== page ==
Methotrexate (Rheumatrex, Trexall, Otrexup, Rasuvo)

medication bottles

Fast Facts

  • Methotrexate is one of the most commonly used drugs in the treatment of rheumatoid arthritis. It helps with pain and swelling and also slows the progression of arthritis over time.
  • Methotrexate requires careful monitoring to reduce risk of liver injury and infections. It should be held if there are signs or symptoms of an infection.
  • Methotrexate can cause serious birth defects and should not be taken while pregnant, attempting to become pregnant or while breastfeeding.
  • Methotrexate should not be taken if kidney or liver function is not normal. Alcohol significantly increases the risk for liver damage while taking methotrexate, so alcohol should be avoided while on this medication.
  • It is important to take methotrexate exactly as directed. Generally, this medication should be taken on one day a week, but the dose is occasionally split into two doses all in one day per week to avoid side effects.
  • It is important to avoid caffeine (coffee, tea, some sodas) around the time you take methotrexate, as the methotrexate may not work as well.
  • Your doctor also may prescribe a folic acid (or folate) vitamin supplement to decrease the chance of side effects. Some side effects do not cause symptoms, so it is important to have routine blood tests performed every 8-12 weeks.
  • Notify your doctor before any surgeries while taking this medication.
  • Caregivers administering methotrexate should wear gloves when handling it due to concern with pregnancy risks and effects on the immune system.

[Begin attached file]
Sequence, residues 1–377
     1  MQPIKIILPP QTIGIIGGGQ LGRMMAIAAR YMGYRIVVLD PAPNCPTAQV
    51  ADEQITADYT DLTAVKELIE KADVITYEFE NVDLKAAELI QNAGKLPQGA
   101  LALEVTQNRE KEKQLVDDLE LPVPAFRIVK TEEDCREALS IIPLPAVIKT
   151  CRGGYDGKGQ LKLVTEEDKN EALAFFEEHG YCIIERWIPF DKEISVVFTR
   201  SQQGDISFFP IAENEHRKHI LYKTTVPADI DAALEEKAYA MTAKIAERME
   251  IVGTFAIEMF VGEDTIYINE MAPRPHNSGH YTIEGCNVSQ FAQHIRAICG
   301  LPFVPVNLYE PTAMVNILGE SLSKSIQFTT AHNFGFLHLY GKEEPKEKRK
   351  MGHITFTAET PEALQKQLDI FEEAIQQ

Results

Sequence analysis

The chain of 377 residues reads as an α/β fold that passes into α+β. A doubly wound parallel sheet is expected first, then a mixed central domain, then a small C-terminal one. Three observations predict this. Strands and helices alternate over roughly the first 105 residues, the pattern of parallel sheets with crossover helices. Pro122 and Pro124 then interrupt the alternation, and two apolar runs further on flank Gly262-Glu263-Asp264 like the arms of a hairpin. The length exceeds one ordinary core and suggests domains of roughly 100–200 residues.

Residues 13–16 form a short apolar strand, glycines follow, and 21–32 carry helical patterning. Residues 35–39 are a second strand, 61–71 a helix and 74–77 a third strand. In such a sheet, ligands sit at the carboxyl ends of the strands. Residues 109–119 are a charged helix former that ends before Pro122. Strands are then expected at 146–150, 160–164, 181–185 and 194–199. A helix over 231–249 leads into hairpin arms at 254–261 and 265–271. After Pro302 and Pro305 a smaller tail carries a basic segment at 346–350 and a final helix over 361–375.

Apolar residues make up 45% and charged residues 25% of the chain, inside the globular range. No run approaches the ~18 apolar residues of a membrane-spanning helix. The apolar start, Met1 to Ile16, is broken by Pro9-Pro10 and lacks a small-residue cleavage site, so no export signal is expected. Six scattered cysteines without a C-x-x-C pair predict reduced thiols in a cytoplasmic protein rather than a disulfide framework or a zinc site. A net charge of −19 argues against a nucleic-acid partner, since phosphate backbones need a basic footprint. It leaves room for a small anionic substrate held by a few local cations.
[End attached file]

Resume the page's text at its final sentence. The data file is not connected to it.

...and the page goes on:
Methotrexate (Rheumatrex, Trexall, Otrexup, Rasuvo) is one of the most effective and commonly used medicines in the treatment of several forms of arthritis and other rheumatic conditions. It is known as a disease-modifying anti-rheumatic drug (DMARD), because it not only decreases the pain and swelling of arthritis, but it also can decrease damage to joints and long-term disability.


Methotrexate is a disease-modifying anti-rheumatic drug (DMARD) that has been used for decades to treat psoriasis and some cancers. It is used to treat rheumatoid arthritis and other forms of inflammatory arthritis and also may be used to treat lupus, inflammatory myositis, vasculitis, and some forms of childhood arthritis. It is often used in combination with other medications to treat arthritis.

How it works

Methotrexate blocks several enzymes involved in the immune system. This affects actively growing cells such as those that are in the skin, blood, gastrointestinal tissues (i.e., stomach and intestines), and the immune system. However, it is not entirely clear how methotrexate decreases the severity of arthritis.